Contra Mick Mulvaney, People Know Disability Is Part Of Social Security

Trump's budget director makes a tricky claim to argue proposed Social Security budget cuts don't break campaign promises.

WASHINGTON ― President Donald Trump’s budget chief said repeatedly this week that when people think of Social Security, retirement insurance is the only thing that comes to mind ― not disability insurance.

A “welfare program for the long-term disabled,” Office of Management and Budget Director Mick Mulvaney said on Tuesday, “is not what most people would consider to be Social Security.”

Social Security is best known as retirement insurance, but plenty of people are aware that it’s also disability insurance. Forty-three percent of survey respondents said they knew someone who received disability or survivors’ benefits from Social Security, according to a 2010 poll by AARP. (Asked if they knew someone simply “on Social Security,” more than two-thirds said they did.)

Mulvaney insisted disability insurance shouldn’t count as Social Security because President Donald Trump promised during the campaign that he would never support cutting Social Security, Medicare or Medicaid. Trump’s budget, which Mulvaney unveiled this week, breaks that promise by proposing cuts to both Medicaid and Social Security. Because it doesn’t target Social Security’s retirement insurance component, Mulvaney dubiously claims the proposal doesn’t break Trump’s promise.

“If you ask 999 people out of 1,000, [they] would tell you that Social Security disability is not part of Social Security,” Mulvaney said on Monday. “It’s old-age retirement that they think of when they think of Social Security.”

If 43 percent of Americans have heard of Social Security Disability Insurance, per the AARP poll, then that means Mulvaney’s assertion is not correct.

White House budget director Mick Mulvaney did his best to claim that Donald Trump's proposed cuts to Social Security Disabili
White House budget director Mick Mulvaney did his best to claim that Donald Trump's proposed cuts to Social Security Disability Insurance do not violate his campaign promises.

And, as the progressive think tank Center on Budget and Policy Priorities notes, even Republicans amenable to cutting Social Security Disability Insurance have talked about the program as a basic part of Social Security.

“Social Security provides vital financial support for more than 57 million beneficiaries,” House Speaker Paul Ryan’s (R-Wis.) congressional website says. “Social Security also provides critical benefits to widows and those with disabilities.”

As a teenager, Ryan and his mother received Social Security survivors’ benefits after his father’s death, another element of the program that Mulvaney’s narrower definition of Social Security excludes.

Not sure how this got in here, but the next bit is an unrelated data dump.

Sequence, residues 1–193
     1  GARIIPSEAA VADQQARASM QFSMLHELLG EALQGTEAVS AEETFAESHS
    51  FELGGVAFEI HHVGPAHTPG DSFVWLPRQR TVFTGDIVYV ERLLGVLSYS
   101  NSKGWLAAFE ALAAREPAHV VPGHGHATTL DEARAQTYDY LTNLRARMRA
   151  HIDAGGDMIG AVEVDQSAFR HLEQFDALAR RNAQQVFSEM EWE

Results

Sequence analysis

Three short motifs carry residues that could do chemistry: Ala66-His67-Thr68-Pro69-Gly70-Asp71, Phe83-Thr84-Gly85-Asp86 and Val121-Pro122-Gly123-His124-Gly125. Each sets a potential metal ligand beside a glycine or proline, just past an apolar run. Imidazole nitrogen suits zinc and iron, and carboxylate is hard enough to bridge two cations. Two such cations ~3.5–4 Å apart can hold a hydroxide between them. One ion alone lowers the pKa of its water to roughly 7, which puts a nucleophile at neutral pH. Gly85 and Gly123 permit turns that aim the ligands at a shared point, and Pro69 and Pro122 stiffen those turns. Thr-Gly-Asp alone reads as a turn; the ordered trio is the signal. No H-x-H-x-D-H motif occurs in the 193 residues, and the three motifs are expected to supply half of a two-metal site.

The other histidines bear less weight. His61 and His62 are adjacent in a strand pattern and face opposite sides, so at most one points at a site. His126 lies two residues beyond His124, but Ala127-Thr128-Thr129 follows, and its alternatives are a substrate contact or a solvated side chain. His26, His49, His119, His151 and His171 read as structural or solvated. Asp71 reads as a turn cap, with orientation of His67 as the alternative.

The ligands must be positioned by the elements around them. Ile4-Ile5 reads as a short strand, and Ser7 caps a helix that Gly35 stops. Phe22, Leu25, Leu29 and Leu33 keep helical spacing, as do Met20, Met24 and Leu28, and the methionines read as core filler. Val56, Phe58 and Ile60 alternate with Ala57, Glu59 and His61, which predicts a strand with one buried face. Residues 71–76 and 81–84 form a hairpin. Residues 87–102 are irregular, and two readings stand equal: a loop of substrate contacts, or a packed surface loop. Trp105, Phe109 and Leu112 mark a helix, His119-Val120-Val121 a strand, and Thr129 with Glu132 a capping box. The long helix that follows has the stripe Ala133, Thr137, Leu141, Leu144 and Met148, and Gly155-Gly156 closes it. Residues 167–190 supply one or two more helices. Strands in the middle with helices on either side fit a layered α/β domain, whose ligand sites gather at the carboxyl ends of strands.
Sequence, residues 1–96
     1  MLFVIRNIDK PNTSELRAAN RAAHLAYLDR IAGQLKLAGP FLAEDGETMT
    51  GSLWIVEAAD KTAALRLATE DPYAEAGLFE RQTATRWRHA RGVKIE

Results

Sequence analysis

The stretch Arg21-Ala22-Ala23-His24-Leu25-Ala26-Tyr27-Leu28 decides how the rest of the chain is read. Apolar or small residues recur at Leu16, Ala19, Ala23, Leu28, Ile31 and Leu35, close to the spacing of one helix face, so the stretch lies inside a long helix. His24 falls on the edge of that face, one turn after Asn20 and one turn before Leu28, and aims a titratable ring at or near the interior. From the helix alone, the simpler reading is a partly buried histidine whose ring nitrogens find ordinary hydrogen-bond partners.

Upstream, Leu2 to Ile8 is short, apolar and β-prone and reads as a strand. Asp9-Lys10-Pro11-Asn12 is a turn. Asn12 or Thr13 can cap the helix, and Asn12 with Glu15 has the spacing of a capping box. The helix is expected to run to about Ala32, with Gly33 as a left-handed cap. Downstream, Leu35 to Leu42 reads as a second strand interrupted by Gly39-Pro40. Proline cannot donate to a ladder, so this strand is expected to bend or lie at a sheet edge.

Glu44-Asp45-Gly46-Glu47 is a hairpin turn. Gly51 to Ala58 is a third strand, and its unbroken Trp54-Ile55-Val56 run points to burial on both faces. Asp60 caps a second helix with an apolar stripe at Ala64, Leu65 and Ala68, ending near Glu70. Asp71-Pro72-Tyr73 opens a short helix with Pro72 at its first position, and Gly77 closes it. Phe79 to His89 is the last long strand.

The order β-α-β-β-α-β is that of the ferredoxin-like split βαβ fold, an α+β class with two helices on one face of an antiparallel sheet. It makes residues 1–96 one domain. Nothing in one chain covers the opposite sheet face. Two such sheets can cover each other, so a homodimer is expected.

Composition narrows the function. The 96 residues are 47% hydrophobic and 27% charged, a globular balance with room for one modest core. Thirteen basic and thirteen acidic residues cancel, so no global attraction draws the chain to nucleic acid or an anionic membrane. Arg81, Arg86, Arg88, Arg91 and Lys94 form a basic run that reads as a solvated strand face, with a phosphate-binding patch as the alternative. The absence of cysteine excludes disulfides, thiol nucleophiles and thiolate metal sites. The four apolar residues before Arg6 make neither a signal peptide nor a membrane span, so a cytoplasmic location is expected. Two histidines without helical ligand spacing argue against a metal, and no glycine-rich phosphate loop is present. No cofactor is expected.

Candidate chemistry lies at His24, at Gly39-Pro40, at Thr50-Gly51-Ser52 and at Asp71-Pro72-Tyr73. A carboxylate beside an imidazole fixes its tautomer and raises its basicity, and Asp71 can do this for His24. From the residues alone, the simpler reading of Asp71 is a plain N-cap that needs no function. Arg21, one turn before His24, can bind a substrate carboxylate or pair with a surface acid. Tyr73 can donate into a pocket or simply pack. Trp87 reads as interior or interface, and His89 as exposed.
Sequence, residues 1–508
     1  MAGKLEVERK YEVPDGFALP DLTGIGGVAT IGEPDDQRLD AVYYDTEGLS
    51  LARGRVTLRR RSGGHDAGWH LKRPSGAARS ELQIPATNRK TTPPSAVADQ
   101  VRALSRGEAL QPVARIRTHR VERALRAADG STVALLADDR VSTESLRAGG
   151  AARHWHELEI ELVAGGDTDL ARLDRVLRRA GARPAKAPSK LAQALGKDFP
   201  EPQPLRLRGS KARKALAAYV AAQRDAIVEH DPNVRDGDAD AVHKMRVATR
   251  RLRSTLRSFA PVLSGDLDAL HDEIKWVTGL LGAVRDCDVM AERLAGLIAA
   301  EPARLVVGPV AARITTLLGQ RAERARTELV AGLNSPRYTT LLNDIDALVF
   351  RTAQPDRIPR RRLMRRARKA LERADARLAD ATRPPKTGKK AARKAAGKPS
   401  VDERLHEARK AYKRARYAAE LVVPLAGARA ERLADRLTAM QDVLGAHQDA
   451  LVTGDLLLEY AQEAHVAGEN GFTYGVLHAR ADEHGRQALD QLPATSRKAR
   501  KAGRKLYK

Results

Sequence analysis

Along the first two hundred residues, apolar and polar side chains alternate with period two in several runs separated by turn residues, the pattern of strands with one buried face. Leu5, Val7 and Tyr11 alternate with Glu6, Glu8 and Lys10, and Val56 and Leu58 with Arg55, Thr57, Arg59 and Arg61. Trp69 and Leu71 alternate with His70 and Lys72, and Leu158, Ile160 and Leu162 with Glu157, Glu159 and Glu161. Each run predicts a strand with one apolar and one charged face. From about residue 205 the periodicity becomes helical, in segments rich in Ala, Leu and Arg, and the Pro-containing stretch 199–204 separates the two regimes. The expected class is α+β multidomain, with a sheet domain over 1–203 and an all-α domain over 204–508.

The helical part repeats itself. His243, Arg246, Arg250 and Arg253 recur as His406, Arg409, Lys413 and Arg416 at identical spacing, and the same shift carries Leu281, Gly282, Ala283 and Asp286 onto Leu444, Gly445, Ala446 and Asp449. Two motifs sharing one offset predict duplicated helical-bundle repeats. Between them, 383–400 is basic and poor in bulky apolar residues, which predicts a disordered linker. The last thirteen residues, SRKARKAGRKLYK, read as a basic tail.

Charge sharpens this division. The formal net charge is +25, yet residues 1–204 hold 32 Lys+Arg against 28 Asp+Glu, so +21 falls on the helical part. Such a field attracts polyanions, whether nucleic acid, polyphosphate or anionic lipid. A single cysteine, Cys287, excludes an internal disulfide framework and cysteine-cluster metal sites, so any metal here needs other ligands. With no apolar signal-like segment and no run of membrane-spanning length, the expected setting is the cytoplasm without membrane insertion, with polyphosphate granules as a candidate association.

Getting the benefits “helped me pay for college, it helped her go back to college in her 50s where she started a small business because of the new skills she got,” Ryan recalled during the 2012 vice presidential debate.

Sen. Lindsey Graham (R-S.C.) has also discussed the importance of Social Security survivors’ benefits for his younger sister, when both their parents died in a short span of time.

And Rep. Sam Johnson (R-Texas), chairman of the Social Security subcommittee on the House Ways and Means Committee, has spoken about the program as a crucial source of insurance in the event of a severe disability.

“For years I’ve talked about the need to fix Social Security so that our children and grandchildren can count on it to be there for them, just like it’s there for today’s seniors and individuals with disabilities,” Johnson said in December.

In fact, it was a Republican who first created the Social Security Disability Insurance program. President Dwight D. Eisenhower expanded Social Security to cover workers with disabilities and their dependents in 1956. From that point on, Social Security became known as the Old-Age, Survivors and Disability Insurance program.

The disability benefits part of Social Security was a natural extension of the program’s mission to enable workers to contribute toward a fund that would provide them income for times when they are no longer capable of working. Disability benefits, like Social Security retirement benefits, are based on a certain percentage of a worker’s previous earnings, rather than need, like some means-tested welfare programs.

Some policy experts who helped conceive of Social Security in the 1930s favored making disability benefits part of the original program, according to a history on the Social Security Administration website. They were overruled by colleagues concerned about the cost of adding those benefits, and critics in the private disability insurance industry, delaying its passage for an additional two decades.



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